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The Caves of Dunhuang

Fan Jinshi

ISBN: 978 1 85759 540 6
Size: 274 x 196 mm / 7.75 x 10.75 in.
Binding: hardcover
Pages: 256
Images: 350

UK £35.00 / US $70.00

HIGHLIGHTS

  • A survey not only of one of the highlights of Buddhist art, but also of 1,000 years of art in China
  • Encapsulates the knowledge and experience of the chief researcher of the caves at Dunhuang and conveys her enthusiasm to the lay reader

DESCRIPTION

The cave temples of Mogao are near Dunhuang at the extreme western end of the Silk Road in China. Founded by Buddhist monks in the fourth century, the caves were inhabited as an isolated monastery for over 1,000 years. The murals with which the caves were decorated create one of the finest examples of Buddhist art in China, reflecting the changing styles of Chinese art for more than a millennium. As well as murals of the highest quality, the caves were the repository of many other treasures including works on silk and paper as well as tens of thousands of Buddhist manuscripts. The site itself, on the fringes of the Gobi desert, is one of great beauty and historical resonance. This book examines 50 of the finest caves in detail. Richly illustrated and beautifully designed, it gives an unparalleled introduction to the site, the quality of the murals and the other contents, and outlines one of the most fascinating stories in Asian history.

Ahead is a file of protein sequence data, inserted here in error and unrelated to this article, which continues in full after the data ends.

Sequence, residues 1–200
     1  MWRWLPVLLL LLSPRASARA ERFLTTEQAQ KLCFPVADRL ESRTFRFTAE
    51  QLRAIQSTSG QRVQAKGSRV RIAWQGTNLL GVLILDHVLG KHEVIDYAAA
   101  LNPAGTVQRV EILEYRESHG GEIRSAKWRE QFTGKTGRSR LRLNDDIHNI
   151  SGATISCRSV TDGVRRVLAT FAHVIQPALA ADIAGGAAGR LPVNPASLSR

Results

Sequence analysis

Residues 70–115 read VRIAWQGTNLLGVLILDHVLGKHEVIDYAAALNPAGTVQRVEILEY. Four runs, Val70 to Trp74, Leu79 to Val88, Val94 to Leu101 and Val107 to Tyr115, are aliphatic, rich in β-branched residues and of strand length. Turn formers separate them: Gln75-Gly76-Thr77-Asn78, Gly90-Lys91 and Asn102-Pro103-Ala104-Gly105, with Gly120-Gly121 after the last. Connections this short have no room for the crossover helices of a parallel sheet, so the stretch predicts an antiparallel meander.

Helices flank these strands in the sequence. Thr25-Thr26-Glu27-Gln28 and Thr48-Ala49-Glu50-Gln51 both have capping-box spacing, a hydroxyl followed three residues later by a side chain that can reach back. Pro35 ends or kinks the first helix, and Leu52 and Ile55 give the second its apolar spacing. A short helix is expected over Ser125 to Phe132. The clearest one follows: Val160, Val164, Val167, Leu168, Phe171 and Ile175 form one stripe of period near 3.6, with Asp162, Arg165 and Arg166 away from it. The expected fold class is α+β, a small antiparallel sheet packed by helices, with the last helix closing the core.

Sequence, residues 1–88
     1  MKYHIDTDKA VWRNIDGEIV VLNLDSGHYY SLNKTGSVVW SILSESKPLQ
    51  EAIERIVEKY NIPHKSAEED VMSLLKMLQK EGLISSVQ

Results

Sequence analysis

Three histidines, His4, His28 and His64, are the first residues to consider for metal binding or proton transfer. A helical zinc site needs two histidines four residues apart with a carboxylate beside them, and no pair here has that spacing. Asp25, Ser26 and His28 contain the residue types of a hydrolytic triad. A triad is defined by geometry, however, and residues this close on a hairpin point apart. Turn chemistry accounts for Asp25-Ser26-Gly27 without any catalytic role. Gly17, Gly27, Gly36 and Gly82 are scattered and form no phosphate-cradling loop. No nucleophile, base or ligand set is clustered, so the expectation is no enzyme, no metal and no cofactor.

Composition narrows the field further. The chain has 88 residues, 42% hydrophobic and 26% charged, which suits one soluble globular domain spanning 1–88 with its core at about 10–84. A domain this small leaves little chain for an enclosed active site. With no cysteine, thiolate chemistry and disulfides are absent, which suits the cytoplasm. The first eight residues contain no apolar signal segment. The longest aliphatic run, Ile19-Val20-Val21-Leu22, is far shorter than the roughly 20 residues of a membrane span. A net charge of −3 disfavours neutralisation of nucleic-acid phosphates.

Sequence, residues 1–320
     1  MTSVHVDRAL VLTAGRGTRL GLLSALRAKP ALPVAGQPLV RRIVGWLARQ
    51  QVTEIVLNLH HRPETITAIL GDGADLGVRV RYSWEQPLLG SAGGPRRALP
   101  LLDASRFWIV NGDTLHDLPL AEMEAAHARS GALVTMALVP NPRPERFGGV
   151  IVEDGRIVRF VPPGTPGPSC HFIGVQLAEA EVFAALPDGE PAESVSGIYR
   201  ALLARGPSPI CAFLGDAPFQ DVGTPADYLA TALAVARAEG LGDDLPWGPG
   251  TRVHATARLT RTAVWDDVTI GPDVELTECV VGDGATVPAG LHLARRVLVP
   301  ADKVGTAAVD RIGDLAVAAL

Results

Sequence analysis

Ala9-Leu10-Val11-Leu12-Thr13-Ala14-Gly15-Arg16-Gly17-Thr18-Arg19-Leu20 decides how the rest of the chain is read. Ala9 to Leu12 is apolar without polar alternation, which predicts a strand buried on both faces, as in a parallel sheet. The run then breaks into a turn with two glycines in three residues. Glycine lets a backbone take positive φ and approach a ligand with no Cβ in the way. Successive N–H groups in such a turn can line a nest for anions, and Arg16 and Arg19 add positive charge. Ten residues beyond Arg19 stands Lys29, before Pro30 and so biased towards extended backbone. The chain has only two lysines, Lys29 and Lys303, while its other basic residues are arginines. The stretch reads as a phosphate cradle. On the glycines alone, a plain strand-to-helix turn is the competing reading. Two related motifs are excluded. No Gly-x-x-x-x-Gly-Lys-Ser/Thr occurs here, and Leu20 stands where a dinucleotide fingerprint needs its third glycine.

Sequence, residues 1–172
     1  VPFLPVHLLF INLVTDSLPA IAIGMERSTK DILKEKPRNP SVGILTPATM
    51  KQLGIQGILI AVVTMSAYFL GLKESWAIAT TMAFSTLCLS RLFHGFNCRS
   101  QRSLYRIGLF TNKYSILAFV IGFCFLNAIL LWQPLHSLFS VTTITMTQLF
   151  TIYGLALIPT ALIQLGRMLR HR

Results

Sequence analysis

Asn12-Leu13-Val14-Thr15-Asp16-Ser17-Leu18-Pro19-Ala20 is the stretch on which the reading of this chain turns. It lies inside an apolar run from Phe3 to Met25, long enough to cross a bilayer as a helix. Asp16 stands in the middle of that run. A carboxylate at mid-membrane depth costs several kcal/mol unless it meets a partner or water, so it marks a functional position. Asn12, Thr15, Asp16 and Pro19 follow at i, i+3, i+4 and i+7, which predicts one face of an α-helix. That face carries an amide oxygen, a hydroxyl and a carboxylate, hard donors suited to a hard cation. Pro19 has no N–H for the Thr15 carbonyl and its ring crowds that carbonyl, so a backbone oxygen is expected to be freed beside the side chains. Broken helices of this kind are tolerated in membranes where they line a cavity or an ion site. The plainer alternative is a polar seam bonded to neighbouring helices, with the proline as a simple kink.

ABOUT THE AUTHOR

Fan Jinshi, President of the Dunhuang Research Institute, has worked at Dunhuang since 1963, dedicating herself to the preservation and management of the caves and their contents.

REVIEWS

"a book to get lost in…contains a dazzling array of styles and subject matter"
Buddhadharma

"extremely readable and informative, offering much for both the general and specialist reader… a welcome update that provides a fresh perspective and presentation"
Orientations

"allows the reader to absorb the great commingling on the Silk Road of art, religion, trade and military might…I can genuinely say that this book gave me much greater insight (not to mention better visibility) into the caves than actually being there did"
Steppe Magazine

"an unparalleled introduction"
Asian Art

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